Chromatin immunoprecipitation (ChIP) assay
ChIP was performed using a Pierce Magnetic ChIP kit (Cat.26157, Thermo Fisher, USA) according to the manufacturers’ instructions. In brief, 1 ×107 cells were used in the experiment. The BV2 cells were cross-linked with 1% paraformaldehyde, and the reaction was stopped with 125 mmol/L glycine. Then, they were lysed with lysis buffer, and chromatin was sonicated (amplitude, 120 w; process time, 8 min; ON time, 3 s; OFF time, 9 s) until crosslinked chromatin was broken into150- to 1000-bp fragments by MNase digestion. The chromatin was then immunoprecipitated with 2 μg (0.6 μg/μL, 3.4 μL) of rabbit anti-C/EBPβ antibody (ab32358, Abcam, Cambridge, MA, USA) or 2 μg of rabbit IgG with rotation overnight at 4 ℃. Then, 20 μL of magnetic beads were added into each tube, and the tubes were incubated overnight at 4 ℃ with mixing. The magnetic beads were washed with IP wash buffer five times and then eluted. After purification, the immunoprecipitated chromatin was analyzed by qRT-PCR. The sequences of primers used in this study are provided in Additional file 2: Table S1.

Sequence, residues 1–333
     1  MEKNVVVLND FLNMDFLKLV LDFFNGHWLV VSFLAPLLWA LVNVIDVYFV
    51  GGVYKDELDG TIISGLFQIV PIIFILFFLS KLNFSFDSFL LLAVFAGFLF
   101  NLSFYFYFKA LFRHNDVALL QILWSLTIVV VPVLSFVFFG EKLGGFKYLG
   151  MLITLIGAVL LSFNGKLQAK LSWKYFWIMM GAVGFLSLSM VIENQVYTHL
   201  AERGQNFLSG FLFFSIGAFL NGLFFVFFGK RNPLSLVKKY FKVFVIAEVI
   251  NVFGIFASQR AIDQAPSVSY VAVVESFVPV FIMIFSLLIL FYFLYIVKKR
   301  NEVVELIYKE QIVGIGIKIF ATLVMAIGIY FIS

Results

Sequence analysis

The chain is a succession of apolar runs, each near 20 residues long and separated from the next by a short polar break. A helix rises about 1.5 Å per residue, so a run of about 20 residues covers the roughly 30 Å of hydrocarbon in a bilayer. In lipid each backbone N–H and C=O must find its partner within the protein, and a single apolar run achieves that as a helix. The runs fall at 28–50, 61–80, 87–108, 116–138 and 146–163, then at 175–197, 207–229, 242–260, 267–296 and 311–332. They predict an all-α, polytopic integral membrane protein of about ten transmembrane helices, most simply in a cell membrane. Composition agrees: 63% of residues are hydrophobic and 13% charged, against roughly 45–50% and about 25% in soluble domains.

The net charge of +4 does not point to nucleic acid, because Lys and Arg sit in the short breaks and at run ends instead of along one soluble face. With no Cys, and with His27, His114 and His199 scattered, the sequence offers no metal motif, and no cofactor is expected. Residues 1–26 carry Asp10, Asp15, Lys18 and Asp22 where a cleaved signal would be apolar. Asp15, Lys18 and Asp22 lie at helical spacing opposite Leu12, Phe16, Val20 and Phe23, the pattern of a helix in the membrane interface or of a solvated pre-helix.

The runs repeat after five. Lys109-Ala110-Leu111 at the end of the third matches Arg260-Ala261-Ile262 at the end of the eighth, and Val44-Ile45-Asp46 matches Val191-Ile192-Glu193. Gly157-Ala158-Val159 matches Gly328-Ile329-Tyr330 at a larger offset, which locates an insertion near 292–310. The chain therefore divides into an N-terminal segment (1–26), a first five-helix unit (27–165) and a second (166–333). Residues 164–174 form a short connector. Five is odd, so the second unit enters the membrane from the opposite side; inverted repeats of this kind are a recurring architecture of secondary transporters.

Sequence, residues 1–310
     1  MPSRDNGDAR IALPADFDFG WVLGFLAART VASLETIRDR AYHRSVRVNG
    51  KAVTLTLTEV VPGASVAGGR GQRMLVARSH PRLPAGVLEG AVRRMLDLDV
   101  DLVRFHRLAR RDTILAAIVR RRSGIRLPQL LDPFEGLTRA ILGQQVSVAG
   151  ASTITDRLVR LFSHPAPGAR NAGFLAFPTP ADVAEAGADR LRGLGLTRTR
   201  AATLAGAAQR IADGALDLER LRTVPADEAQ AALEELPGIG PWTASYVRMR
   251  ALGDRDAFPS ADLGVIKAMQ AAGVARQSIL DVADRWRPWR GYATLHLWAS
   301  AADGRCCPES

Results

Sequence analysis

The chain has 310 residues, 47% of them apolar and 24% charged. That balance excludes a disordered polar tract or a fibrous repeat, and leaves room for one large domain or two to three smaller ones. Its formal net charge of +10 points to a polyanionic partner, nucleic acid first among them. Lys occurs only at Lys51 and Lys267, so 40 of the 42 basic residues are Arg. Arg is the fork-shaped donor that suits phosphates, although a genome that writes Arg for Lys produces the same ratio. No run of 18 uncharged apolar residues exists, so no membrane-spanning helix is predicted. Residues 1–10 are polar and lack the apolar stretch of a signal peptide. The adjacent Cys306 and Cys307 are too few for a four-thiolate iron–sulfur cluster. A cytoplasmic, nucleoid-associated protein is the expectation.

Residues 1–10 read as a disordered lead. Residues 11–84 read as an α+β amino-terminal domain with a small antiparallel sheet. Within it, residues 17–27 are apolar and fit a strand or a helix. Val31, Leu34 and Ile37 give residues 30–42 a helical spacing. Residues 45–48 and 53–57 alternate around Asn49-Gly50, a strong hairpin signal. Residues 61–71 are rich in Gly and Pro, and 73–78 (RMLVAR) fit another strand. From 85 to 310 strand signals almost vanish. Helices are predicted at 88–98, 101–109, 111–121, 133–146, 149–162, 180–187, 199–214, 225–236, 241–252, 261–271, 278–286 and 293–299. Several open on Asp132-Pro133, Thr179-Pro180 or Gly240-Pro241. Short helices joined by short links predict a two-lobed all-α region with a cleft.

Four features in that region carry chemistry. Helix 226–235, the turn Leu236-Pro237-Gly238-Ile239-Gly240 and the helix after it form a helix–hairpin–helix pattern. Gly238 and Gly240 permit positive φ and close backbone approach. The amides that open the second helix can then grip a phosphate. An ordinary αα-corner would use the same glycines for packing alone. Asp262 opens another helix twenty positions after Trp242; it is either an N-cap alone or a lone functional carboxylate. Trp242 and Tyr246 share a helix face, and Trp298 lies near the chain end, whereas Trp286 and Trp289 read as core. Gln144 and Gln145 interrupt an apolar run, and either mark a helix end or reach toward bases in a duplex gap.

Data analysis were performed using SPSS 21.0 statistical software (SPSS, Inc, Chicago, IL, USA). Unless otherwise stated, values of n indicated in the Figure Legends refer to the number of independent biological replicates. The data obtained from this study were presented as the mean ± SEM. Significance (P-value) was evaluated using either unpaired Student’s t-test or one-way ANOVA followed by Tukey’s multiple comparisons post hoc test or Brown-Forsythe and Welch ANOVA tests followed by a Dunnett's T3 multiple comparisons test for multiple comparisons. Time-series data were analyzed with the two-way ANOVA. P < 0.05 was considered to be statistically significant.
CCI leads to the upregulation of Clec7a at both mRNA and protein levels in SC